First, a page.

JDRF Honors Australia Resident Paul Heath with the 2023 Jim Tyree Award at the Annual One Conference
Annual award recognizes outstanding JDRF volunteer leadership
Bayview, Australia and New York, Feb. 6, 2024—JDRF, the leading global type 1 diabetes (T1D) research and advocacy organization, proudly announces Paul Heath as the 2023 Jim Tyree Award recipient in recognition of his visionary leadership and groundbreaking contributions to the global T1D community.
Named after Jim Tyree, former chair of the JDRF International Board of Directors, the Jim Tyree Award recognizes a volunteer leader who has made a significant and noteworthy contribution to JDRF during their tenure of service.
Paul began his involvement with JDRF in Australia in 2012 after his daughter was diagnosed with T1D. He has worn many hats within the organization, both in JDRF Australia and JDRF International. Paul currently serves on the National Advocacy and Impact Committee and Directors Emeritus and is a former member of both JDRF International and JDRF Australia Boards of Directors. He served as chair and vice chair of the JDRF Australia Board of Directors.
Paul’s service over the years has been wide-ranging and invaluable to JDRF and the T1D community. He provided guidance in setting global strategy and performed groundbreaking work on the T1D Index. Launched in 2022, the T1D Index broadly measures how many people live with the condition, the healthy years of life it takes from people living with T1D, and what can be done to reduce its impact, in every country around the world. As a champion of this work, Paul has counseled staff, obtained political support, and ensured that JDRF drives success with measurable outcomes. He was also key to overseeing JDRF International’s response to COVID-19. Paul’s unending commitment to a shared mission has been of great benefit to JDRF and the T1D community.
“Paul’s strategic vision and counsel have been integral in advancing efforts to change the course of type 1 diabetes for all who live with it. His role on the International Board of Directors and his partnership in the development of the T1D Index demonstrates this, and his contributions will undoubtedly continue to drive progress,” said Aaron Kowalski, Ph.D., JDRF CEO. “It is with great pride that we honor Paul with this award for his exceptional leadership and global impact in support of JDRF’s mission.”
JDRF recognizes and appreciates all the dedicated volunteers and supporters who commit their lives to the worldwide effort to end T1D. Volunteer award recipients were recognized at the annual JDRF One Conference in Houston, Texas.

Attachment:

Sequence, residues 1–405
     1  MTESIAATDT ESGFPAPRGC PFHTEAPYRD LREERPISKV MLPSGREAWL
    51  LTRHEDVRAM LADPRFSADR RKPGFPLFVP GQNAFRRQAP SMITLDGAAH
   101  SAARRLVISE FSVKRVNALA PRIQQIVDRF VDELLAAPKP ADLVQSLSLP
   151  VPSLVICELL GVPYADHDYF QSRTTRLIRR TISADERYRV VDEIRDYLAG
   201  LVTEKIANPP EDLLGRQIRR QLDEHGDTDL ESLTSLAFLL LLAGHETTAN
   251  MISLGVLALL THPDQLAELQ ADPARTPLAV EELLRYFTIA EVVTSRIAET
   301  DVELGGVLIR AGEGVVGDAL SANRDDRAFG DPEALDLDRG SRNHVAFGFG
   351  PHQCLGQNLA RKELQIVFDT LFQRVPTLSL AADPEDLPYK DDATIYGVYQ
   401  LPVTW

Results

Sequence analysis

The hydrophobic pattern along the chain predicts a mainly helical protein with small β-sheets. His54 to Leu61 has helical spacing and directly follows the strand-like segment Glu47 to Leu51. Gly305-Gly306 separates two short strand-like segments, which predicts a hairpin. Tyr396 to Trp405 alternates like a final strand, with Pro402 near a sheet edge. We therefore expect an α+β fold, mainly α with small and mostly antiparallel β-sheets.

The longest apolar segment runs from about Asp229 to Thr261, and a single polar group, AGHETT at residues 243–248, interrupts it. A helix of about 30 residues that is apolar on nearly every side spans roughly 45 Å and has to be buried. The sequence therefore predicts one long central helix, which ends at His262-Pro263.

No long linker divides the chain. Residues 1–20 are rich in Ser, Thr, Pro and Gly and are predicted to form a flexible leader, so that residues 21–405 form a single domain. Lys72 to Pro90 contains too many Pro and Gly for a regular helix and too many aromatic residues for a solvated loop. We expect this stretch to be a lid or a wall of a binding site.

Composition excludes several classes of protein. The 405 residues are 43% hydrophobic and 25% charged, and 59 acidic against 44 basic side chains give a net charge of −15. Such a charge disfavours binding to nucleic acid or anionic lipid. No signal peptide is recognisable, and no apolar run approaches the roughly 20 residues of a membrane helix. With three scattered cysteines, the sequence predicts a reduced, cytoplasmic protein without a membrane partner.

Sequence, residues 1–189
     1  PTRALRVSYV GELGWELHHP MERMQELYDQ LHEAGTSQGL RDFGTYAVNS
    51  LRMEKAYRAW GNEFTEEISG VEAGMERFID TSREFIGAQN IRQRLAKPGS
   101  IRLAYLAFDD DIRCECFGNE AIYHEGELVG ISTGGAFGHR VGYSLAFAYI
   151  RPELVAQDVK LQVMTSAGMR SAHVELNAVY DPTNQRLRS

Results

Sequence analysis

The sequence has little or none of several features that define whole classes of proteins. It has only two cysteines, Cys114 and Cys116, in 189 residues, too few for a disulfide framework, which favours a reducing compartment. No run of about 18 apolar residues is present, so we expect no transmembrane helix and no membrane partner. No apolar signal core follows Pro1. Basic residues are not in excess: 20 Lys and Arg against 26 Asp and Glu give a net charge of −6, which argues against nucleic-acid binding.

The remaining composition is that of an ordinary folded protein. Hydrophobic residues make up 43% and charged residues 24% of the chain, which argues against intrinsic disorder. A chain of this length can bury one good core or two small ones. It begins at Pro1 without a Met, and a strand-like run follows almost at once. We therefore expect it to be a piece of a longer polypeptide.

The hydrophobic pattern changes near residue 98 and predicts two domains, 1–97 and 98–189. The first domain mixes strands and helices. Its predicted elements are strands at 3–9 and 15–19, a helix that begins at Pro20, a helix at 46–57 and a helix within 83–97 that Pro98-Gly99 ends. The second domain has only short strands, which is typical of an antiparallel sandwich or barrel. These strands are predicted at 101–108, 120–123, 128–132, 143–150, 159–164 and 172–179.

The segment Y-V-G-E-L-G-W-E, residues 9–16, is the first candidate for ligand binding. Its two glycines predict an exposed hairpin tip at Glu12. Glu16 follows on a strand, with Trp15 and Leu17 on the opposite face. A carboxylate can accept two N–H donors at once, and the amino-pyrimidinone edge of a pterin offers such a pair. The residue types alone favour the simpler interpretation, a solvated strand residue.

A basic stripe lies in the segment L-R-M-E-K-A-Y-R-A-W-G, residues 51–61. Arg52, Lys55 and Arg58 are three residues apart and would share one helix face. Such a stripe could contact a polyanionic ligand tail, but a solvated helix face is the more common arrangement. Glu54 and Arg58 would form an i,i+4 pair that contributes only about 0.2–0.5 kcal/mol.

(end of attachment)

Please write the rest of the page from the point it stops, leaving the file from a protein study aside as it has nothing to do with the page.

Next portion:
JDRF’s mission is to accelerate life-changing breakthroughs to cure, prevent and treat T1D and its complications. To accomplish this, JDRF has invested more than $2.5 billion in research funding since our inception. We are an organization built on a grassroots model of people connecting in their local communities, collaborating regionally and globally for efficiency and broader fundraising impact, and uniting on a global stage to pool resources, passion, and energy. We collaborate with academic institutions, policymakers, and corporate and industry partners to develop and deliver a pipeline of innovative therapies to people living with T1D. Our staff and volunteers throughout the United States and our five international affiliates are dedicated to advocacy, community engagement, and our vision of a world without T1D. For more information, please visit jdrf.org or follow us on Twitter (@JDRF), Facebook (@myjdrf), and Instagram (@jdrfhq).
About Type 1 Diabetes (T1D)
T1D is an autoimmune condition that causes the pancreas to make very little insulin or none at all. This leads to dependence on insulin therapy and the risk of short or long-term complications, which can include highs and lows in blood sugar; damage to the kidneys, eyes, nerves, and heart; and even death if left untreated. Globally, it impacts nearly 9 million people. Many believe T1D is only diagnosed in childhood and adolescence, but diagnosis in adulthood is common and accounts for nearly 50% of all T1D diagnoses. The onset of T1D has nothing to do with diet or lifestyle. While its causes are not yet entirely understood, scientists believe that both genetic factors and environmental triggers are involved. There is currently no cure for T1D.